Sep 7, 2021 - 12:17 pm

Hyundai to develop fuel cell variants of all commercial vehicles by 2028

The Hyundai Motor Group has presented its ‘Hydrogen Vision 2040’. The strategic plan of the Korean company envisages offering a fuel cell version for all commercial vehicle models of the group by 2028. However, it will still take a few years before the costs drop to BEV level.

The Hydrogen Vision 2040, which Hyundai presented at the global online forum Hydrogen Wave, confirms what the Korea IT Times had already reported in outline in July – and was also partially confirmed by Hyundai at the IAA.

According to the report, Hyundai plans to introduce a next-generation fuel cell system in 2023, which will then be used in the next generation of the Nexo FCEV SUV and a “hydrogen-powered multi-purpose vehicle (MPV)”. This is likely to be an H2 version of the Staria van, as reported.

The new system is to be available in two variants with 100 and 200 kW. The 100 kW version is said to be up to 70 per cent smaller than the FC system from the current Nexo – and thus can be used not only in a large SUV but also in smaller vehicles. The 200 kW version is about the same size as the current Nexo system but offers almost double power.

By 2030, or presumably, with another new fuel cell development generation, the prices of fuel cell vehicles are to be reduced to the level of battery-electric vehicles. This applies not only to passenger cars but also to commercial vehicles. As Hyundai announces, all new models such as buses and heavy trucks will be offered as fuel cell and battery electric vehicles for the global market. A fuel cell version of all commercial vehicle models is to be available by 2028.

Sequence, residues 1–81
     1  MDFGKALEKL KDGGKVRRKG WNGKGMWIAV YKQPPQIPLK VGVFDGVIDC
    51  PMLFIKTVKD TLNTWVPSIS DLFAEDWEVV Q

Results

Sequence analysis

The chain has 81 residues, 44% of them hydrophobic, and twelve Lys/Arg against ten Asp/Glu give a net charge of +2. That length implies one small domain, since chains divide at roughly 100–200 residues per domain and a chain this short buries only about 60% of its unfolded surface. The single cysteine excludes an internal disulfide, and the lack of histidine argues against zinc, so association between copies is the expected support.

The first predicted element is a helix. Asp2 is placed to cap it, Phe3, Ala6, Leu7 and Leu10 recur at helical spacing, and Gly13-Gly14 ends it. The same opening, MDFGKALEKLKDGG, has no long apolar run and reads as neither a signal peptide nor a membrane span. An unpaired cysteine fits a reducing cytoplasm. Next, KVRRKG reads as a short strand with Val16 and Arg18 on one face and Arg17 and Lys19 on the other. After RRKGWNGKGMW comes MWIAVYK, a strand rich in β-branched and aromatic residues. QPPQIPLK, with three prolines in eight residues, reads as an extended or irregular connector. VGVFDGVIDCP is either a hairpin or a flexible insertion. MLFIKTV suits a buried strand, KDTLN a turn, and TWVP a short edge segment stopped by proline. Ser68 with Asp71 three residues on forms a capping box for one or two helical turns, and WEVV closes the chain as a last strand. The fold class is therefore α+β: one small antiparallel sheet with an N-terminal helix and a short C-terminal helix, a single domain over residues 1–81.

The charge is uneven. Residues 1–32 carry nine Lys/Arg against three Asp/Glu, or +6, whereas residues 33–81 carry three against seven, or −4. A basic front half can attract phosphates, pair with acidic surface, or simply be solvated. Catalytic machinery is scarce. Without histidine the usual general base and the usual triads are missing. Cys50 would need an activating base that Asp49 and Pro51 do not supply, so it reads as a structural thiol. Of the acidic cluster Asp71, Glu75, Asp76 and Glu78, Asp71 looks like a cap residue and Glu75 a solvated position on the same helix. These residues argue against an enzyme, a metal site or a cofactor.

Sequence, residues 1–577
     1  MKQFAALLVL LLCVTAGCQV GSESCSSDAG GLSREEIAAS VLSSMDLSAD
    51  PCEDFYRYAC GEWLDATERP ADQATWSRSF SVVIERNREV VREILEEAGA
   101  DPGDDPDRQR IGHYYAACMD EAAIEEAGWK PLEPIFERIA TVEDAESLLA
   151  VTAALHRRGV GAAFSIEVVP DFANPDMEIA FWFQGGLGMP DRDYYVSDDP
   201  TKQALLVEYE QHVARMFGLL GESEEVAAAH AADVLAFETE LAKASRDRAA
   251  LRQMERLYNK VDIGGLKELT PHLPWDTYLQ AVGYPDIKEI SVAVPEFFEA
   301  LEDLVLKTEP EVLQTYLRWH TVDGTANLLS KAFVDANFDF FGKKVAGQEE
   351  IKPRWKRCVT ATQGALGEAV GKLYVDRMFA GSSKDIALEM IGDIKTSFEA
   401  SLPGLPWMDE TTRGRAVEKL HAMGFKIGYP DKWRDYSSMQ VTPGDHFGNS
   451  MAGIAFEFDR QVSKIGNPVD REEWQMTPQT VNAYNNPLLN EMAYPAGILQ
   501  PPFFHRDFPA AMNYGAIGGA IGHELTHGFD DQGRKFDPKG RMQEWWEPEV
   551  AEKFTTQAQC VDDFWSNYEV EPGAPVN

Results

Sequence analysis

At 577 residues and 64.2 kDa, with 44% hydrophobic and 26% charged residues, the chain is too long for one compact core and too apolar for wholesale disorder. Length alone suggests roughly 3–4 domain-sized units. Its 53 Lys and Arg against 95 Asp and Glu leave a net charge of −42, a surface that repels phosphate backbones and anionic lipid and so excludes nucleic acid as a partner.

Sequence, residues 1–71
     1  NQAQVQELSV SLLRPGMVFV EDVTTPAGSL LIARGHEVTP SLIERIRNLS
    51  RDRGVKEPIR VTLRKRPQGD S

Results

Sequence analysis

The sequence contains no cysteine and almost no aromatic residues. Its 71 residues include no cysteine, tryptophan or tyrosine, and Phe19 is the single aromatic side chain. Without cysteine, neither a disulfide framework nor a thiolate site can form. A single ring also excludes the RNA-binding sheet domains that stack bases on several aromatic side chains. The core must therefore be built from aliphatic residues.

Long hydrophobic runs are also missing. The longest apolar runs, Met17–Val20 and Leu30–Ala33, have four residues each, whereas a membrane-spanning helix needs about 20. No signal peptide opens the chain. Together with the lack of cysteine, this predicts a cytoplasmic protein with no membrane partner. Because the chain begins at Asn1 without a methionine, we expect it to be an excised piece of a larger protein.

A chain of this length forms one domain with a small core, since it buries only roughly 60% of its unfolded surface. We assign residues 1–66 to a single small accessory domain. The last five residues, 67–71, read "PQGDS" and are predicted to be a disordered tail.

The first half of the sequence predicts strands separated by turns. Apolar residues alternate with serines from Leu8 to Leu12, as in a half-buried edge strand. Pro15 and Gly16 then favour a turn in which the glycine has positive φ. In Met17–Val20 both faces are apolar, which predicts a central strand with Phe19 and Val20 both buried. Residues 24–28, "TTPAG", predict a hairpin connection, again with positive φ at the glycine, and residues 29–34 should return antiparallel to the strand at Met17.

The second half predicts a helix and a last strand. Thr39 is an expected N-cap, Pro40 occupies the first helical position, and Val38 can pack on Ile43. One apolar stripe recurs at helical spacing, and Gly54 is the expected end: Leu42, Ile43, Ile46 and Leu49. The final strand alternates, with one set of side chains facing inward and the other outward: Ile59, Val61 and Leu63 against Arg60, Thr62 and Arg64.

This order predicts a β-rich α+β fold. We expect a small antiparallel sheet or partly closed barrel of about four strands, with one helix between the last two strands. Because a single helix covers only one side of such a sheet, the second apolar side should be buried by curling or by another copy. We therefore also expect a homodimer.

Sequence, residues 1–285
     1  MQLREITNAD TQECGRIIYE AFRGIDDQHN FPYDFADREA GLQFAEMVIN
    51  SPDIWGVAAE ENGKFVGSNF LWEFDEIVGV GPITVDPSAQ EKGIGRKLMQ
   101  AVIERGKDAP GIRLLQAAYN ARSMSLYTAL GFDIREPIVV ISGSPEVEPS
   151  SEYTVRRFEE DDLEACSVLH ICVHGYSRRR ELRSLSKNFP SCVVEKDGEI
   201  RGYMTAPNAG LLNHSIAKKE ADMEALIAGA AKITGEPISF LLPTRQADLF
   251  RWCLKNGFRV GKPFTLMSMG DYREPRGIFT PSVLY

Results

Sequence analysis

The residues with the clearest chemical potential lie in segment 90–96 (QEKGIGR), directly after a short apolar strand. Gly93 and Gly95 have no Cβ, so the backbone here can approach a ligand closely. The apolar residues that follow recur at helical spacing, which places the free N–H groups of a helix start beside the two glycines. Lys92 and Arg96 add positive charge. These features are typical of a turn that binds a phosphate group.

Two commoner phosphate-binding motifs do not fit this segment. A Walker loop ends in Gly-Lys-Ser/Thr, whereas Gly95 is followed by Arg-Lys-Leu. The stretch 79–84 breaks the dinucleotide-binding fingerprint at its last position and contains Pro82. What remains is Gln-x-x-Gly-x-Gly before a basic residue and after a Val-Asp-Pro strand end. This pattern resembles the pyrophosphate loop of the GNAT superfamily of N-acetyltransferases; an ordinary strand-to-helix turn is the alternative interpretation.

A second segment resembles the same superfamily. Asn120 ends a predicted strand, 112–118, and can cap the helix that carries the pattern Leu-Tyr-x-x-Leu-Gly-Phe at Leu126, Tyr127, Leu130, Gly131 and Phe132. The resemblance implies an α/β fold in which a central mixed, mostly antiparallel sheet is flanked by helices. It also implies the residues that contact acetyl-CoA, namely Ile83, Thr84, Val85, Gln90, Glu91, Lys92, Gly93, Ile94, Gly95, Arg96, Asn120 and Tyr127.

According to the current announcement, based on the FC truck Xcient Fuel Cell, which is used in Switzerland, among other countries, a tractor unit is to follow by 2024. At the Hydrogen Wave forum, the Hyundai Motor Group also presented the ‘Trailer Drone’ concept, a hydrogen-powered container transport system that can operate fully autonomously. In addition, Hyundai wants to develop a five to seven metre long light commercial vehicle with a fuel cell. This will not be an adaptation of a combustion engine model but a fuel cell PBV (Purpose Built Vehicle).

Hyundai’s hydrogen roadmap goes beyond road vehicles. The South Korean company sees the potential “in various areas such as high-performance vehicles, urban air mobility, robots, aircraft and in large ships” – and the energy sector. For such applications, the modular 100 kW units should be combined into larger systems of 500 kW with 1 MW.

To illustrate such uses, Hyundai has presented some concepts. Besides the ‘Trailer Drone’, for example, the ‘Fuel Cell e-Bogie’ for container transport. The ‘Rescue Drone’ is an autonomous driving concept vehicle for fire fighting and other rescue missions. The Vision FK is an FC sports car with more than 500 kW. The ‘H Moving Station’ is a mobile hydrogen filling station for fuel cell vehicles. And the ‘Rescue Hydrogen Generator Vehicle’ is intended to supply vehicles in remote regions or disaster areas with electricity.


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Found on
07.09.2021 12:35